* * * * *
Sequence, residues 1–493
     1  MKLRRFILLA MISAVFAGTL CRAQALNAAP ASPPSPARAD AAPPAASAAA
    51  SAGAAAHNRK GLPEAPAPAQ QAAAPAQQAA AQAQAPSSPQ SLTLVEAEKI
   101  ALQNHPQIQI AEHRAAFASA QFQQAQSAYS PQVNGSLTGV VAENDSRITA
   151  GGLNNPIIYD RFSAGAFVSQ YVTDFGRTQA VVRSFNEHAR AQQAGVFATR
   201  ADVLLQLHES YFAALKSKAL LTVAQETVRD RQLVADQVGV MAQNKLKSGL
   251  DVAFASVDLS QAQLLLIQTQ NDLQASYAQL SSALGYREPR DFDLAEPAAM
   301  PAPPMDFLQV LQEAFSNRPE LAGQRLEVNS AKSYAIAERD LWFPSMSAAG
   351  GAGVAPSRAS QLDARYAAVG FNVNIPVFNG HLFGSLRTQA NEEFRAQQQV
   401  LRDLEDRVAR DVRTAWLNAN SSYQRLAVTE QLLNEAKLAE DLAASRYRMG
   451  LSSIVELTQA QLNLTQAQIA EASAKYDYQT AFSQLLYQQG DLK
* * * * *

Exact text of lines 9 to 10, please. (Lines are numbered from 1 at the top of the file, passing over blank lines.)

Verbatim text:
   351  GAGVAPSRAS QLDARYAAVG FNVNIPVFNG HLFGSLRTQA NEEFRAQQQV
   401  LRDLEDRVAR DVRTAWLNAN SSYQRLAVTE QLLNEAKLAE DLAASRYRMG